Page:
The Louvre signed an historical agreement with Iran on Thursday, 28 January, that clears the way for renewed cultural and scientific cooperation with France. The deal, which has not yet been publicly announced, came during a state visit to France by the Iranian President Hassan Rouhani that was otherwise dominated by economic talks. Vice President Masoud Soltanifar, who heads Iran’s cultural heritage and tourism organisation, visited the Louvre’s galleries on Thursday—although no statues were veiled for the occasion
, the museum says.
The agreement, signed at the presidential Elysée Palace, lays out a framework for cooperation up to 2019, including plans for exchanges of exhibitions, publications, scientific visits and training sessions, as well as archeological digs. The two countries will also work together to stop looting and trafficking. The agreement follows France’s general diplomatic policy to maintain balanced relationships with all countries in the Middle East; the Louvre has already pledged to help Iraq and Syria protect their cultural heritage, and is building an outpost museum in Abu Dhabi.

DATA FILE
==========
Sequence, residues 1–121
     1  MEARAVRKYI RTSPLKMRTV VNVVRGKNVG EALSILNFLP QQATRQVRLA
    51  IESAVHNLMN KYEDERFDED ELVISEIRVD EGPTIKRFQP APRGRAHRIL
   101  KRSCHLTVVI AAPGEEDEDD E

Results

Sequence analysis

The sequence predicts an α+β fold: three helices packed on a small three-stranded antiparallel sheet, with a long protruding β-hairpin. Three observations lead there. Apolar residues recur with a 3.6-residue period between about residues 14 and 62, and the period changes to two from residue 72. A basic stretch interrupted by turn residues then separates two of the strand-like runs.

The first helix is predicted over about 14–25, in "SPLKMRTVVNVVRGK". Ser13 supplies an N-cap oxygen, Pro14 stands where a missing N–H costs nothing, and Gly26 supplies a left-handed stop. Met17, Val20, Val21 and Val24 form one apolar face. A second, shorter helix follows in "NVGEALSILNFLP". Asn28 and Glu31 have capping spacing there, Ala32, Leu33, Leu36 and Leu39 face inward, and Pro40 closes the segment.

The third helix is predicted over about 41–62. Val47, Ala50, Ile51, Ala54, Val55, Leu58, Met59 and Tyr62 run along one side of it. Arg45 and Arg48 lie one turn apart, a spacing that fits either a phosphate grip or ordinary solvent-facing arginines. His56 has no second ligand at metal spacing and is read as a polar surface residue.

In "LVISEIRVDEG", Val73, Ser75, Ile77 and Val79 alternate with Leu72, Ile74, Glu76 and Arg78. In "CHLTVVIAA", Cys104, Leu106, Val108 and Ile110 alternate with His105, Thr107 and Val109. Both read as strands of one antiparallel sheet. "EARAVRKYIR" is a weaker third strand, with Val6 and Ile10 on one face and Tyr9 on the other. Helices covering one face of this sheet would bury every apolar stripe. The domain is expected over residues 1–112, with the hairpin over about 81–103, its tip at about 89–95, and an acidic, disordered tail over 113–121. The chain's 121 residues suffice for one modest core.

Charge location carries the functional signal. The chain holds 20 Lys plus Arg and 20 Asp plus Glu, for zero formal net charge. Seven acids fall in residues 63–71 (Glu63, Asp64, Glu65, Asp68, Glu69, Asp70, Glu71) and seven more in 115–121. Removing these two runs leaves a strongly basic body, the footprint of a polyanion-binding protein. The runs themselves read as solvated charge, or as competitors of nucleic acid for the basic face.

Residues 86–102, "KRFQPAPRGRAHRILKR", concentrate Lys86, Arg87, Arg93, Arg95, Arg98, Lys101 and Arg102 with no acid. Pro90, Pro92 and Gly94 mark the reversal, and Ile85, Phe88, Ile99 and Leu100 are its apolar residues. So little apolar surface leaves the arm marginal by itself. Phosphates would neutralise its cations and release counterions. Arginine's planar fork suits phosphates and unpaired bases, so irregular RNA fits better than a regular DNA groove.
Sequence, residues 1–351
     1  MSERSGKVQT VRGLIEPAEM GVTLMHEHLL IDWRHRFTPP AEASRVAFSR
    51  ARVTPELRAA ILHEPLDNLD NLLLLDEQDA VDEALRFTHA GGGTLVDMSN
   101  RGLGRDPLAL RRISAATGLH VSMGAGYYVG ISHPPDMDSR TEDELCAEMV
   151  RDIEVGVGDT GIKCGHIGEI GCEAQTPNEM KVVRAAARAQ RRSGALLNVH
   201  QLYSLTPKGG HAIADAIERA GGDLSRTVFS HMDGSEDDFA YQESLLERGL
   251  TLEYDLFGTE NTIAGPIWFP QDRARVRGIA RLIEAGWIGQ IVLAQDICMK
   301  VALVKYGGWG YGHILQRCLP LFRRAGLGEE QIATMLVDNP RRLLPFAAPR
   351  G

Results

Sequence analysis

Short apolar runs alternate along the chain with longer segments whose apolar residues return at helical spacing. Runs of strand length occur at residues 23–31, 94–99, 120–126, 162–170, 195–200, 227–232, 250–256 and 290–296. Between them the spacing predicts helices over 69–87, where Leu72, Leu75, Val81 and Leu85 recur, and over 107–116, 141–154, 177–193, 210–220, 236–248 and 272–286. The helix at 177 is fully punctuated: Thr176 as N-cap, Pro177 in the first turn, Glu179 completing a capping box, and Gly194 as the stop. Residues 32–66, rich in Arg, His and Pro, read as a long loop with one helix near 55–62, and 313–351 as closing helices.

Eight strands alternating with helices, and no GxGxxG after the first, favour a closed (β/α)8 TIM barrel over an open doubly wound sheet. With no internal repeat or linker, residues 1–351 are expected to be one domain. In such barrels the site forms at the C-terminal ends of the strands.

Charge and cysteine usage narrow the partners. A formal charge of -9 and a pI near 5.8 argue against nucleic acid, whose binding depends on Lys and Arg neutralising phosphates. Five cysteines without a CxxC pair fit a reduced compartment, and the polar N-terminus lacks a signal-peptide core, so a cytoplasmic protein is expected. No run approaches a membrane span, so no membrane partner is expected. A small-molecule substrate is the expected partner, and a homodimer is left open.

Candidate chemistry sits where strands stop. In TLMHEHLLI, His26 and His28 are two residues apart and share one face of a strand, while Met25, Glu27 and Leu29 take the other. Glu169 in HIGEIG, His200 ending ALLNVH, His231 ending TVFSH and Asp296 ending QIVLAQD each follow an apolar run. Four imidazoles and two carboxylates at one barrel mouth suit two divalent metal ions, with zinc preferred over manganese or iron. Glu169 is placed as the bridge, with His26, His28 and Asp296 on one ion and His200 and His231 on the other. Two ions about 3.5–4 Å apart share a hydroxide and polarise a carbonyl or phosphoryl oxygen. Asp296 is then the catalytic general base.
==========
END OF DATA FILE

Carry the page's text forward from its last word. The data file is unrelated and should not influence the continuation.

The first project will be an exhibition on the Qajar Dynasty (1789-1925), due to open in the spring of 2018 at the Louvre’s satellite museum in Lens, northern France. This is an important symbolic choice since that period comes under regular attack from clerics in Iran. The country has a unique collection of photographs and film from the time that have been recently restored, says Yannick Lintz, the head of the Louvre’s Islamic Art Department, who specialises in Persian history and visited Tehran last summer.
The Louvre may also join in archeological research at Nishapur in the northeastern province of Khorasan, which could be linked to earlier digs led by the museum in Bukhara, Uzbekistan, and other sites along the Silk Road that were part of the greater Sassanid empire. The medieval Islamic city of Aveh, on the central plateau, was mentioned as another potential site for study. The idea was also discussed of a team returning to the ancient site of Susa in the Zagros Mountains, where France worked for more than 80 years until the Iraq-Iran war in 1980 and made important discoveries such as the Code of Hamurabi, the Babylonian king’s rule of law that was inscribed on a seven-foot stone stele and clay tablets.